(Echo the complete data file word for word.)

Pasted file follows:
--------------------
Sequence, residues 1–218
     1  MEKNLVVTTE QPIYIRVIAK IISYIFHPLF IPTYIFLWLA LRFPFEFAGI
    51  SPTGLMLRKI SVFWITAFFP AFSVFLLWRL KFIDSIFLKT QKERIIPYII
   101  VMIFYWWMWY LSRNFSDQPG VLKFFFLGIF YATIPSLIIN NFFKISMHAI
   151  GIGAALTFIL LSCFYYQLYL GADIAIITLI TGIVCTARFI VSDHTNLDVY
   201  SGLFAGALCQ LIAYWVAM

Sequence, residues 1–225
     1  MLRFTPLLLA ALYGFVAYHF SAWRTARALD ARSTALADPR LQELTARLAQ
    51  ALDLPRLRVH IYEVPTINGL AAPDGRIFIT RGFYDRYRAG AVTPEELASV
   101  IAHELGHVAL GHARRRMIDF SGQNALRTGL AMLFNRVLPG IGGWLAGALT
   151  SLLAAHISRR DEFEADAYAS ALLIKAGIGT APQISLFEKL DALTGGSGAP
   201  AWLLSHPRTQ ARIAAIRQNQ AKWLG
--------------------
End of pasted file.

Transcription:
Sequence, residues 1–218
     1  MEKNLVVTTE QPIYIRVIAK IISYIFHPLF IPTYIFLWLA LRFPFEFAGI
    51  SPTGLMLRKI SVFWITAFFP AFSVFLLWRL KFIDSIFLKT QKERIIPYII
   101  VMIFYWWMWY LSRNFSDQPG VLKFFFLGIF YATIPSLIIN NFFKISMHAI
   151  GIGAALTFIL LSCFYYQLYL GADIAIITLI TGIVCTARFI VSDHTNLDVY
   201  SGLFAGALCQ LIAYWVAM

Sequence, residues 1–225
     1  MLRFTPLLLA ALYGFVAYHF SAWRTARALD ARSTALADPR LQELTARLAQ
    51  ALDLPRLRVH IYEVPTINGL AAPDGRIFIT RGFYDRYRAG AVTPEELASV
   101  IAHELGHVAL GHARRRMIDF SGQNALRTGL AMLFNRVLPG IGGWLAGALT
   151  SLLAAHISRR DEFEADAYAS ALLIKAGIGT APQISLFEKL DALTGGSGAP
   201  AWLLSHPRTQ ARIAAIRQNQ AKWLG